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regular-article-logo Thursday, 25 April 2024

Walls in an abode of ideas

Slander against Amartya Sen by Visva-Bharati’s officials is unbecoming of its legacy

Abhijit Chowdhury Published 05.03.23, 04:08 AM

The Basanta Utsav — the festival of colours at Visva-Bharati University in Santiniketan — got converted into a closed affair a few years ago. The declared objective was the purported prevention of desecration of a place meant for knowledge by the external world. This festival had a long heritage of social gathering and shared joy. To me, this marked a moment of a great leap backward for a university born to foster the spirit of sharing and cultivating knowledge without boundaries. This journey backward has now degenerated into a sincere malady that regularly engages in a celebration named ‘Sen slandering’ these days. To suggest that this metamorphosis suffocates the very tenets of an institution like the Visva-Bharati would be an understatement: the sad reality of the attacks on Amartya Sen is also shameful and unbecoming of the institution.

What we observe today is the culmination of a downhill course that began a good few years ago. The last couple of years have seen the university authorities successfully convert the campus into a space that is vibrant with everything but academics. The university has been gradually slipping in national rankings. It has also been abuzz with stormy conflicts between students-teachers on one side and the authorities on the other. A university once created with the vision of imbibing a spirit of learning through exchange is now a physically-fenced space with the objective of isolating ‘intruders’ and maintaining territorial sovereignty as its guiding principles. Having stripped the university of its laurels, its authorities have now demonstrated their incompetence, once again, by seeking to engage Professor Sen through a display of feudal might. Had he bowed down, it would have represented a moment of accomplishment for these forces. They would probably be happier if Sen, in dismay, decides not to share his thoughts about the direction that modern India is taking. That would not only reveal their mission of silencing dissent but also extend their moment under the spotlight of the media. Not to mention the glory of being able to castigate dissenters, no matter what their global accomplishments are.

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Rabindranath Tagore had envisioned these structures in his drama, Roktokorobi, when he wrote about the Jokhhopuri. An arrogant sardar, lacking all insight, relentlessly maintained territorial discipline inside the Jokhhopuri, taking orders from the king and announcing the caging of Ranjan, the symbol of justice. Ironic as it is, the ‘Sen slandering’ that the Viswa-Bharati authorities have engaged in over the last few years, particularly in the past few weeks, reiterates Tagore’s concerns in Roktokorobi.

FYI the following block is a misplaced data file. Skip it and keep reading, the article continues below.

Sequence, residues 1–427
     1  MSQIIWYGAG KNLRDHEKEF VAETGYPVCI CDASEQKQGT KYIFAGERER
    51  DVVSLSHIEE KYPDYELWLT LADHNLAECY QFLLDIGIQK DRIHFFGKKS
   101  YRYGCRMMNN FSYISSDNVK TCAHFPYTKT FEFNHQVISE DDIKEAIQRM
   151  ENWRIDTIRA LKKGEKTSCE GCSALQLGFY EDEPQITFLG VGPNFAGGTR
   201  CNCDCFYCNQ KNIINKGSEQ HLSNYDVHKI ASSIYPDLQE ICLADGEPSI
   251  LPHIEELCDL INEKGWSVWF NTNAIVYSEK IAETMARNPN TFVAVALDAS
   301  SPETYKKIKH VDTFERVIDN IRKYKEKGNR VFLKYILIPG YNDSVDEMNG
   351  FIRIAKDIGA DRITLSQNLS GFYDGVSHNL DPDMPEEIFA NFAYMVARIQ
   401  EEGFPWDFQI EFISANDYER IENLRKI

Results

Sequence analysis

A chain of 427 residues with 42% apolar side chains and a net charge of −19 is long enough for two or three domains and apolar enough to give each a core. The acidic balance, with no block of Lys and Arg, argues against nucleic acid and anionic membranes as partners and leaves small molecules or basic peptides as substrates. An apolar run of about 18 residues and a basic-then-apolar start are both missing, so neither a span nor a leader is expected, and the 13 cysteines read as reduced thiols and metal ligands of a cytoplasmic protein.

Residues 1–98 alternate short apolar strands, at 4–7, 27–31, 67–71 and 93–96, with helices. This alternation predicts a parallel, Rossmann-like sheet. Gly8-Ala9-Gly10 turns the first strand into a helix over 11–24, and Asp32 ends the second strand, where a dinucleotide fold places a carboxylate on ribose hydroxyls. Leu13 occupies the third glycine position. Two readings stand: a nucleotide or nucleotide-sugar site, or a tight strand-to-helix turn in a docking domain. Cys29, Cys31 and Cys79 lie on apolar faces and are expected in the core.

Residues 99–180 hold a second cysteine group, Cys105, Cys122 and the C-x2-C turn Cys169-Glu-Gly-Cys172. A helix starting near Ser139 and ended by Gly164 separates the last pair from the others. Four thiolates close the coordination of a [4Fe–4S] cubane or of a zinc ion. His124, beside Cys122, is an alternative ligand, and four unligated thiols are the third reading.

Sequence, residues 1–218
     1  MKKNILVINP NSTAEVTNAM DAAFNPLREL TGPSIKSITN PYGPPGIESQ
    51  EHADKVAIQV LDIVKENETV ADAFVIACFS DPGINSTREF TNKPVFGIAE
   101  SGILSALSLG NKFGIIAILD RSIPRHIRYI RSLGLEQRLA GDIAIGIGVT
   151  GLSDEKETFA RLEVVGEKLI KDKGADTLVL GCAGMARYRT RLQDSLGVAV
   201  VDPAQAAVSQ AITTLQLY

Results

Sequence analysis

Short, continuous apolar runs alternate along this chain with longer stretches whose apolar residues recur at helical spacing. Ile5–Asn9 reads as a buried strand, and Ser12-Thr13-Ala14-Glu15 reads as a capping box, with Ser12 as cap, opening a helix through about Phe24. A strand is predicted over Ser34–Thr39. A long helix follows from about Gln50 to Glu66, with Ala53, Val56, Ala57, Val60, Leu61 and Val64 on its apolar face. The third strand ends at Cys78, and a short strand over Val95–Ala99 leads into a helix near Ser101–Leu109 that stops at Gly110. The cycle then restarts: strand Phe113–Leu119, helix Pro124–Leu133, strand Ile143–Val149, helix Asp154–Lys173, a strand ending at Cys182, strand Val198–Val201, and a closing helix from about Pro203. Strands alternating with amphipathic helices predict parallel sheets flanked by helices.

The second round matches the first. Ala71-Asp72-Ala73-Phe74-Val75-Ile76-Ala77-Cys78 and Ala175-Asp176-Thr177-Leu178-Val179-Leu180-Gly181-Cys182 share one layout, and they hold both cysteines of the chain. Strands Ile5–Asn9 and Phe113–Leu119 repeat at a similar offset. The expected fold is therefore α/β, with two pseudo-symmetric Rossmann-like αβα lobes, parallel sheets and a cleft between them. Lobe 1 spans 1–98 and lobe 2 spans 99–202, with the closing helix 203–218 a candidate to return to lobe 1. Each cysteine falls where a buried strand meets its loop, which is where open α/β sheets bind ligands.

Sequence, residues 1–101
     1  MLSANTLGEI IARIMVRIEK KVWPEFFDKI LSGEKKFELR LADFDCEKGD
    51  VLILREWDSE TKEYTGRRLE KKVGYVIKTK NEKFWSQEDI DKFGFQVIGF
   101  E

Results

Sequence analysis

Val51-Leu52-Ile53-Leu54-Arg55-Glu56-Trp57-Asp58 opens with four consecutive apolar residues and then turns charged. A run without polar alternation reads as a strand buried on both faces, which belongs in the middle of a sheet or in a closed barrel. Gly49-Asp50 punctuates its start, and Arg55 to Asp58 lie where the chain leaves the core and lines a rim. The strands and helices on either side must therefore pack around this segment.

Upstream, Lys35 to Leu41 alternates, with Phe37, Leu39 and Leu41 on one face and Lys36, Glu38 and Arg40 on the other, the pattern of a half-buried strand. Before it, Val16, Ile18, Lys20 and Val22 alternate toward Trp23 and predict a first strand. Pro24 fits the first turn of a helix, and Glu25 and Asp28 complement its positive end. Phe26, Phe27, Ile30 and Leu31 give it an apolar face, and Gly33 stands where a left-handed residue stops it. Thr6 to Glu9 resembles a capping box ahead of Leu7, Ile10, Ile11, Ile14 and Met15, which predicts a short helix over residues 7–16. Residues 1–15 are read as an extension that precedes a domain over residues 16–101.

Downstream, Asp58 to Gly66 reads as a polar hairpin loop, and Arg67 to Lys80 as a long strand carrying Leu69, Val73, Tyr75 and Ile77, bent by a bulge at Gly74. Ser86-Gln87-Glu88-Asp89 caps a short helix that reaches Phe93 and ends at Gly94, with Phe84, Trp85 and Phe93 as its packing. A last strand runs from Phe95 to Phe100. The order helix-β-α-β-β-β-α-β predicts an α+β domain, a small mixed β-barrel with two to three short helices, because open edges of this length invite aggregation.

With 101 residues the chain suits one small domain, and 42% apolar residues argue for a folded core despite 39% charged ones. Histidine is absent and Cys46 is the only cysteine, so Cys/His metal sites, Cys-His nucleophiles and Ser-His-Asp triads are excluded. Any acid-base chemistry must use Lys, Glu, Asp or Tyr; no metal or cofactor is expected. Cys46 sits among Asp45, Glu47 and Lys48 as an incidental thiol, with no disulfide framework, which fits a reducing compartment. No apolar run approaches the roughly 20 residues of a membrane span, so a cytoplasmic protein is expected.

Professor Sen’s ‘sin’ lies in the fact that he has been a consistent critic of the incipient, planned disintegration of the skeletal remains of Indian civilization at the hands of a religion-centric political force. Sen preaches of an India that is the inheritor of a historical-philosophical lineage that is much broader than what is being portrayed as the dominant discourse today with active patronage from the government. He expresses his thoughts and convictions clearly. This irks some as much as it enthralls many. In all his writings and speeches, Sen relentlessly talks of the need for arguments and debates in the process of attaining social justice. This is precisely the role that a public intellectual is expected to play in any society. Of course, he frequently steps beyond the narrow domains of the chalk circle the governors draw most opportunistically for delineating intellectual brevity. Such designs only favour the process of the domestication of intellectuals, as has happened fairly vigorously and successfully in India in the past few years.

A perfunctory democracy has periodically frowned upon, drowned and incarcerated public intellectuals who have expressed spirited and divergent views, often labelling them inimical to the national interest. These are the popular methods of stigmatisation before lancing attacks are mounted. This is precisely what Sen has been experiencing at the present. These traits are generally born out of insecurity against public opinion and are characteristic of Macbethian dispensations.

It is evident that Visva-Bharati authorities today consider their job to be focused largely on one goal: proving that intellectuals like Sen are deceptive and anti-national. The university’s attempts to impose its land-measuring tape over Sen’s abode were symbolic of a mob trying to nail a priest who only cautioned and lit light in a haze while trying to rationalise the strengths and assets of an ancient civilisation that has weathered many a storm, a civilisation that has always advocated accommodation, as opposed to exclusion, of ideological opponents.

From being an institution of open learning and debate, Visva-Bharati today resembles an entity that is insecure and unsure of what it stands for and intolerant of the proponents of opposing ideas. Just as the world shuddered when Salman Rushdie’s attacker was hailed, India is shaking in anger as dirt is being strewn across a green carpet in Santiniketan. It is time that creative pursuits prevail there over mercenary behavior and resurrect the tradition of harmony as well as peace without further delay.

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